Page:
As I wound my way back through the fortress, looking for a way out, I happened upon the actual castle part of the fortress. It was protected by land that looks like this:
And then you come upon this. Here's an aerial view of the entire thing. The colors of the buildings were beautiful and again, the design of the buildings was symmetrical and the windows were in the pattern that I appreciate and the Danish flag was flying. I personally think it's a great design for a flag.
I have a thing for windmills, and when we were in Amsterdam there wasn't a lot of time for windmill visiting, so I was more than pleased to see this one.
And finally I found my way out. It doesn't seem like that much extra walking than had the entire fortress been normal ground, but walking the perimeter of the star took forever. The good thing is that I knew where I was going, otherwise it would have been much less fun.
(What I like most about these pictures is that you can see just how quickly the clouds changed. Sometimes they were moving right along and white and you could see blue sky through them, and other times they were dark and foreboding and it looked like it would pour any minute. Luckily, I got through the morning without any rain.)
And then I ended up back at Nyhavn.
I had read about the changing of the guards at Amalienborg Palace, something that happens daily at noon. Part of my annoyance at having to wind through the fortress was that I wanted to get to the palace on time, and all the winding was not helping my cause.
But I got there just in time. It was very cool to see and I'm glad I had made it a priority in my otherwise plan-less day.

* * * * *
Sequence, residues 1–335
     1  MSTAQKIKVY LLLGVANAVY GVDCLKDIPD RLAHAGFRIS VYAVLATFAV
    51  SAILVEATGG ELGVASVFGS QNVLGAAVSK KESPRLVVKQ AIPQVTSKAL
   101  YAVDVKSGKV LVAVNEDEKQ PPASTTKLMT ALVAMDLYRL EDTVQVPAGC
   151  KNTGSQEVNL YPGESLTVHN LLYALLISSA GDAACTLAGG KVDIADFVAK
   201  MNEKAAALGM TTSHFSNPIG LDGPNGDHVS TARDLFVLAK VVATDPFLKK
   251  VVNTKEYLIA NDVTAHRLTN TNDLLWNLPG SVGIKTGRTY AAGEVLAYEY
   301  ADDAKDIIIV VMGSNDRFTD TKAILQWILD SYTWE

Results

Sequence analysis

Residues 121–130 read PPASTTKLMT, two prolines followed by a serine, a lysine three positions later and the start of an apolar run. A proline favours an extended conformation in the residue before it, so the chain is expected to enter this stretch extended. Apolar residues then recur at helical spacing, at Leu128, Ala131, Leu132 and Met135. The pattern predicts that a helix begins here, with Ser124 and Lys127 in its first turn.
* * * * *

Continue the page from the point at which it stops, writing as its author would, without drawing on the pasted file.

This can illustrate just how many other people had heard about the changing of the guards. I cropped most of the people out who were standing in front of me, but let's just say that without my camera held high above my head, I wouldn't have seen much of anything.
Amalienborg is really four palaces, all identical, sitting on the four sides of the square. They actually live there, which is amazing in terms of how unguarded they are.
I guess that flag means someone was home?
Eventually I stopped for lunch. I was determined to eat Danish food, so any restaurant with this name seemed good enough for my purposes. I sat under an umbrella with the restaurant-provided blanket over me, and just as I started to eat, it started to pour and got cold and windy, but we were okay under the umbrellas.
I ate this with a fork and knife. It was chicken with some curry sauce (or at least that's what the menu said, but it wasn't spicy like I though it would be). Regardless, it was delicious. And local.
And back to Nyhavn.
Hans Christian Andersen is a big deal in Denmark, as I suppose he should be. This was his home, which is now a shop. He lived in three different houses in Nyhavn, but this is the one where he wrote some of the more famous of his writings.
And a little visit to another palace, Christiansborg, with Frederik VII out front.